An existentialist question or a rhetorical one? Come summer and everybody asks this question – more so in the “other India” – the one that is not part of the Indian growth train! The editorial in the current issue of Down to Earth (http://www.downtoearth.org.in/content/six-sins-make-drought-invincible) is a relevant read particularly the listing of “the six sins that make drought invincible”.
The two “sins” that I’d like to take forward for a discussion are the the fifth and sixth particularly in light of the Draft National Water Policy 2012 (available for downloading and comment at http://wrmin.nic.in/) currently under debate: The fifth sin – “we forget underground aquifers meet a considerable part of water demand. So we do not factor in the need for recharge of groundwater. Instead we extract more and more water, leading to scarcity”. We seem to forget that we are largely a groundwater civilisation with groundwater meeting a large part of not just rural drinking and agricultural water but also urban potable water demands. So unless groundwater management is made the centrepiece of this Policy we are not going to make a dent in addressing this problem.
We also forget that water is a common resource – while land can be owned by a private entity and a well on it may belong to the entity, the water below the land is not the private property of that individual / entity! Water is a universal right and therefore in spirit, letter and on the ground any water policy and resultant legislation must ensure equity and social justice in the access to water. The doublespeak and schizophrenia in the Draft Water Policy is remarkable….the Preamble expounds the philosophy of social justice and equity while the body of the Policy advocates privatization as the panacea to the current water crisis. Nothing new here…..this schizophrenia is the norm be it the Food Security Bill, Land Acquisition Bill or the Water Policy.
The sixth sin – “our inability to link investment in watershed and soil conservation to groundwater recharge. In the past few years, attention has been paid to building ponds and tanks and to protecting watersheds. But investment in these assets—coming largely through employment guarantee schemes—is hardly ever productive. The schemes provide jobs and do not care about the quality of the work. Watersheds are planted with trees but protection of trees is not ensured. The tank is desilted, but the channels or the catchment that bring water to the tank are not.” This country has been engaged in watershed management since 1880 with Government supported programmes coming into prominence since the 1950s. In spite of this vast body of experience we still do not link watershed management to groundwater conservation. Watershed development in some rain shadow areas has led to groundwater recharge BUT this has led to increased water withdrawal to irrigate water intensive crops leading to more severe depletion of the scarce groundwater resources in summer….yet another example of fragmented thinking – the hallmark of our Policy planning.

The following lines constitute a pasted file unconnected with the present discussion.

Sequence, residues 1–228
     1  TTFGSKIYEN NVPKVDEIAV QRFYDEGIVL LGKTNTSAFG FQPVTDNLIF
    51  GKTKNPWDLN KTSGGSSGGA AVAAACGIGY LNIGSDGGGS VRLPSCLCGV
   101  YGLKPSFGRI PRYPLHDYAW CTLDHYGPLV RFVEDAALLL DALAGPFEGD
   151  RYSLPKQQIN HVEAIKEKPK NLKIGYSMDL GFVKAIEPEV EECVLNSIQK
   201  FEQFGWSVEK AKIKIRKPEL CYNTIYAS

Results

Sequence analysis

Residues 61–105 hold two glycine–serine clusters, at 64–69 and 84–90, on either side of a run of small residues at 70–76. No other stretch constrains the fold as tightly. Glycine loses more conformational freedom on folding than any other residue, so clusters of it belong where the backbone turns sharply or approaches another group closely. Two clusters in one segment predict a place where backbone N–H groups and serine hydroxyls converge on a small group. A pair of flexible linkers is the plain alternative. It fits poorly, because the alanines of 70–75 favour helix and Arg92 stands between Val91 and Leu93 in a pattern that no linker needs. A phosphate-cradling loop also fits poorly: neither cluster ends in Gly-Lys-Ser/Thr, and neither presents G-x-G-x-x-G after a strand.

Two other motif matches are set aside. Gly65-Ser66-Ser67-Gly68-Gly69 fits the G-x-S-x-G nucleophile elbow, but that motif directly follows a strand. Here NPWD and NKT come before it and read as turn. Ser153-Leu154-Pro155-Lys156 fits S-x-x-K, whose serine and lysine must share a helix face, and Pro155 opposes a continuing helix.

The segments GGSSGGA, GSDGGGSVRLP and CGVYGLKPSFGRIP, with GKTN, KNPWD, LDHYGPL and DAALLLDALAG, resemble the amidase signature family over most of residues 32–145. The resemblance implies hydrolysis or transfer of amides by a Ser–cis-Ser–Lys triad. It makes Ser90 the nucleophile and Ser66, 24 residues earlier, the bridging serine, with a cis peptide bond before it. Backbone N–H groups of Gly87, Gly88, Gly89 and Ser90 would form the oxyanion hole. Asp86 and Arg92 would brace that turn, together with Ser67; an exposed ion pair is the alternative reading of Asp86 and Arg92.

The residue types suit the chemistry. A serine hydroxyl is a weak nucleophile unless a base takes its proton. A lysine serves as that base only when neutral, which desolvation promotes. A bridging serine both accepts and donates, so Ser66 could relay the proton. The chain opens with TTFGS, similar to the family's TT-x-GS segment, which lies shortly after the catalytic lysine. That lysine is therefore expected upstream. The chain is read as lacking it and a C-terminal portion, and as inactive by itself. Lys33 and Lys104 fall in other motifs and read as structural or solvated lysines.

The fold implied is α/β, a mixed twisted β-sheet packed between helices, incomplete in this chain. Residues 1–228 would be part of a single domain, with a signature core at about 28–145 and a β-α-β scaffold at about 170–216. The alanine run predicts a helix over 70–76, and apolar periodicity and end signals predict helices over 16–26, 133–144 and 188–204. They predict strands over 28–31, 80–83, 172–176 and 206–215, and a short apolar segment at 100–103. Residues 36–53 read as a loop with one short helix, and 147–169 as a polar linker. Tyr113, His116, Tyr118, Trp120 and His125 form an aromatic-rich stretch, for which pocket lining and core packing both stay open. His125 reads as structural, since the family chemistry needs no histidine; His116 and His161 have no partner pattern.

The agencies implementing these programme do not coordinate with local agricultural or livestock departments to support livelihoods that can be sustained in the long-term because of the improved groundwater resource. E.g. as part of the activities under a watershed development programme provide support for rainfed crops such as millets. This could be in the form of access to hardy, local seed varieties, infrastructure to store, process and add value to the produce, creating local markets etc. Another e.g. could be to ensure that water-intensive white elephants (exotic breeds of cows that are best at home in the Netherlands) are not provided to landless women farmers in rain-fed areas!
Do we need NASA photos to tell us that groundwater levels are abysmal in the Gangetic plain thanks to the myopic agricultural and livestock policies?? And then we are shocked as a nation which passes when the next exciting bit of news appears on our 24×7 news.
To do anything seriously commonsensical about this our erstwhile leaders must find time in Parliament where they are so busy debating over “serious” issues such as the appropriateness of cartoons in textbooks.